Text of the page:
His insecurities manifested themselves leisurely, with lies emerging one by one like bloated bodies in the Mississippi. Each individual spoonful he lifted to my lips tasted most bitter, yet bite sized and always served with an alibi shooter. Nourished on deceit, I did not notice how thin I had become. Compromise. The slivers of a once perfect self shaved and contoured to compliment another person. Edges rounded, curves adjusted. Microscopic pieces so slowly eroded away that I could not recognize my own skeleton at the end of the day, piled there at his feet.
But the cruel thing was, it felt like the mistake was mine, for trusting you.
slick city streets slide through the glass
cateye sluggish squint slimming the haze of midnight
highway daubed with drifting design
my mouth is slippery in drink
declarations dubiously tethered between my ears
emancipate themselves, cascading through my parted lips
spilling into the dashboard
wretched hands folded inconsequential
unworthy of any ceremonious change
i will never be enough
liquid lull of resignation and windshield wipers
eschewing the plea
forehead against the window
i close my eyes
dissipating into la dolce vita
Explicit bits of conversation weave in and out, moth-eaten in the fabric of us. Casual mentions of things to come - hiking in Cusco, grazing horses through the kitchen window, sunning on the Marbella coast, entrepreneurial wine bars...
Dreamy paradigms prove difficult to live by when flirting with the future feels a little like lying. A deeply grooved proboscis wraps around my heart and tightens its grip when I insinuate someday. Ashed gray uncertainty deftly tugs me backwards when I slip.
Sans plans for the subsequent, what's the point?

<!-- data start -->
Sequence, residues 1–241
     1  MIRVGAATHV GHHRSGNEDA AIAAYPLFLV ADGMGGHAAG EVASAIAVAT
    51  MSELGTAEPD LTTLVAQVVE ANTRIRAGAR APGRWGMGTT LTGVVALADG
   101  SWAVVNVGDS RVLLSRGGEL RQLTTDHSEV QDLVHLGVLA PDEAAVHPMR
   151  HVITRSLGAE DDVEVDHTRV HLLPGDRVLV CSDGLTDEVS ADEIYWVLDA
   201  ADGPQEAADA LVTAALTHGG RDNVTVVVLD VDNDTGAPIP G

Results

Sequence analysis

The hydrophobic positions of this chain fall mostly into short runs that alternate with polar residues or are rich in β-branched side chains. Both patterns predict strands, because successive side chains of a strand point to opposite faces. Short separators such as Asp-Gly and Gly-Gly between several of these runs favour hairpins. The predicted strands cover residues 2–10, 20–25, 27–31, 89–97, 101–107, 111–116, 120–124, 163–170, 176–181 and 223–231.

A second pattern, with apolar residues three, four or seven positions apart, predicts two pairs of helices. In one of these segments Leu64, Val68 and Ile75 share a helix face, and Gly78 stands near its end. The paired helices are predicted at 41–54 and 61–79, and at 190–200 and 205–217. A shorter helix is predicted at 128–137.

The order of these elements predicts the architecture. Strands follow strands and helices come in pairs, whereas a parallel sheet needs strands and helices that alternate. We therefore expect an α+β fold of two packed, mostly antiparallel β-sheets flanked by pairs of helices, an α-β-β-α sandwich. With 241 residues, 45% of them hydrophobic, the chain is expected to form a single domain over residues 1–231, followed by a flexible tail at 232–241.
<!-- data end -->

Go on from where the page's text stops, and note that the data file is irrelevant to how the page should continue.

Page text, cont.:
The sex is good.
At what price am I lying to myself?
He wants to stay. Born and raised. And hell - we all know what I think of the snow.
The groom's grandfather described my dear friend to a stranger. She shakes her head and insists that it's because she doesn't wear flashy jewelry or red lipstick. There's always a warm one waiting somewhere.
Ten minutes before the ceremony, and with a toothy grin, his brother hints that Jason's freedom isn't entirely sold.
I withheld judgement. I supported. I bought the amethyst dress. I flew to Texas and assured myself that foreboding could be dismissed. I curled her hair and I stood beside her. I smiled and laughed. I carried her flowers. I brought her red wine and bustled her dress. I twirled the little girls who told me I looked like Barbie. I danced with her new husband.
Deflating in coach on the way home, hushed criticisms resonate. My eyes are tired and, instead of working, I stare out the window at the snow covered acres below.
Lord knows I am jaded, but I have never left a wedding feeling quite like this.
Her voice was thin and distant. The immediate swell of disquietude was respectfully hidden by a thousand miles and a cell phone. Through my teeth, I told her that I was happy. I may have even forced an invisible smile. I said yes.
Katie was my housemate for a year or two during grad school. Back then, we both needed each other. My courage. Her sanity. Red wine and tomato bruschetta for dinner every night. She was good for me. But even then, I knew she needed me more.
You're going to be there, right?
Only four months ago he left her to "figure things out." But she was buried deep beyond the jurisdiction of reasonable advice by then. Now he asked for a commitment she had already made. In a precipitate both belated and breakneck, we exhaled into the space between us.